The Middle East is no way like the West…

I’m nearing the end of my journey and it has been one heck of an epic experience… I came in with the assumption that because Jordan receives aid from America and has ties to the West that it would be a more like a conservative America.  I couldn’t be more wrong.

It is amazing to see a Middle Eastern country with peaceful ties to the United States which still maintains and practices its faith, tradition, and culture. Everything from the traffic laws to the university and child care are nothing like the States, but it is a quite intriguing lifestyle here. The United States is all about systems and rules; here in Jordan the rule is there is no system…it is pretty much a street smart and common sense society.

I will list differences that I noticed and let you gather your own conclusion of how you feel about countries systems that are not like the West…


In the US we have corporate stores and fixed prices.

In Jordan there are Ma & Pa shops and bargaining with the shop owner about what you are willing to pay is the norm.

There are street markets every Friday such as, Friday Market and Market of Thieves…

These market often have brand name, refurbished, or stolen items for ridiculously low prices. I went to the Friday market and found legitimate Ugg boots for 7 JD (~10 US dollars)! They cost a solid bill in the states.

Driving/ Transportation

In the States we have speed limits, street lights, highway patrol, designated lanes, and right of way.

In Jordan there are no freeways, traffic lights are only in more wealthy areas or near schools, speeding is not enforced, only wealthier neighborhoods or newly constructed roads have designated speed limits. Seat belts are not used and highway patrol directs traffic in case it is bumper-to-bumper; but you are not ticketed for speeding, no seat belt, loud music, etc…

Driving Language

  •  Hazard lights are used during heavy traffic to signal to the car behind it that there is either a traffic accident or that the car in front of it is braking abruptly.
  • Honking tells they car to hurry up or get out of the way.
  • Flashing high beams while driving translates to, ‘I am speeding and there is not time to brake so move over into the next lane.’
  • Flashing high beams at a stop gives the person the go ahead to go and pass you.


  • Transportation is insanely cheap in Jordan; 35 qirsh for public bus and Taxi’s doesn’t cost more than 2JD(~$4 US) to get anywhere in Amman.
  • To get where you need to go you state a place, not a street name or address.


In the US we have our sports teams, student body, open campus, frats, sororities, a huge emphasis on student life. Private schools are better than public schools and we protest against higher fees. In Jordan…

  • There is no community college.
  • There is an exam you take after high school similar to the SAT/ACT that determines not only the school you can get into but the majors you are allowed to choose from. For instance, if you ace the exam you can have the option of studying Law, Medicine or Engineering. If you get a B grade you can only choose majors such as Accounting, Business, Math etc…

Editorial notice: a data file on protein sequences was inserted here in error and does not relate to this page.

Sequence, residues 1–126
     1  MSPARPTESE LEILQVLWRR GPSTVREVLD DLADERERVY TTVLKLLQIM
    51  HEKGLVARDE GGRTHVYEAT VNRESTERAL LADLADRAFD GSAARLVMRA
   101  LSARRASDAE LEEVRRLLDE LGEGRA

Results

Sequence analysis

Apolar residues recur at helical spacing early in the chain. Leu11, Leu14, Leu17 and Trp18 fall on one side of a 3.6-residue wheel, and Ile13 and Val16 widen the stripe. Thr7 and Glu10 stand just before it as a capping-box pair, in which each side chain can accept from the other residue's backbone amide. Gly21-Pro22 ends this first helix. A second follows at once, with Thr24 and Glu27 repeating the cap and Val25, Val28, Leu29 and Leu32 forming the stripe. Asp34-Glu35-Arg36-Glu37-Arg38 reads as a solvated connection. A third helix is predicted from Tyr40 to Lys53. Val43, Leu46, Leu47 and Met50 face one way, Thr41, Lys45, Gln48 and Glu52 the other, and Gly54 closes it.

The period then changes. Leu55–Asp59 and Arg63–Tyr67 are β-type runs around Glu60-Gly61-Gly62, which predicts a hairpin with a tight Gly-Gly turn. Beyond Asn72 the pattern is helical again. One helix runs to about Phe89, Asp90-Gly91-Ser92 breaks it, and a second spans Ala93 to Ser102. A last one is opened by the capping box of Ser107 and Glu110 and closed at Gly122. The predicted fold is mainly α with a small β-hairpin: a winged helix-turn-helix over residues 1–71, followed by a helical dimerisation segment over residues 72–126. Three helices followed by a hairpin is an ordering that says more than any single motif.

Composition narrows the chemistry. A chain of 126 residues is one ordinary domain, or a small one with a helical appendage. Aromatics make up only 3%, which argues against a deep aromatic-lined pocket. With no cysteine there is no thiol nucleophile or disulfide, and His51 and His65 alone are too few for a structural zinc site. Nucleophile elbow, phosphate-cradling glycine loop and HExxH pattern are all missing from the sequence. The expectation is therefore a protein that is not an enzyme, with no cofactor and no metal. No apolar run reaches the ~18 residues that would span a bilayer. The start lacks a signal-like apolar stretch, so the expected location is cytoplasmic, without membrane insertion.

• Public schools are better than private schools.
  • The private school students at my university, Al-Ahliyyah, protested for higher fees to maintain the status quo!
  • Campus closes at 5 pm and students and employees ride the bus home because cars are far more expensive in Jordan than they are in the States.
  • A student ID is required to enter on to campus and there is immense security everywhere.


In the US, our neighbors tend to keep to themselves, get togethers are usually planned in advance, family is seen only on the holidays, and when we shop at stores service greetings are generic and repetitive.

In Jordan…

  • People are friendly on the streets and sometimes overly friendly.
  • Family is deeply rooted in this society and visits are made without appointment. As the say, “Ahlan Wa Sahlan,” or “Always Welcomed“.
  • You make enough food for your family, neighbors, and their family.

Night life

I can’t really speak for every state, but in California everything closes early and you have to drive to the designated downtown to have a good time. Good times usually consist of bars, clubs, and late night restaurants. In Jordan…

  • Instead of an array of clubs and bars there are cafes on every corner usually open for 24 hrs. In the States it can be easier to find a bar than a cafe and in Jordan it is the exact opposite.
  • There is no age limit for smoking cigarettes, hookah, or drinking- but they wouldn’t give alcohol to a child.
  • No one sleeps in Jordan, it reminds me of New York though I have never been.

The most western thing about Jordan is pretty much the restaurants here: Burger King, McDonalds, Pizza Hut, etc… They are actually more elaborately designed than those in the States.

Despite everything we hear about Middle Eastern countries avoiding ties with the States to avoiding assimilating into Western ways, are you surprised by the Jordanian system? Do you think the system is liberal or more conservative in certain ways than the West?

Looking forward to your thoughts,


One thought

  1. Salam.. I have really enjoyed all your posts. And the photos have added such a sense of your journey. The food looks fabulous. I suspect many middle eastern countries maintain a good relationship with the West for the benefits it brings them. Not giving up their cultural ways and yet having some ties to the power and money of the west is probably the balancing act. All the best in the rest of your journey and a very Happy New Year. Pamela Ives

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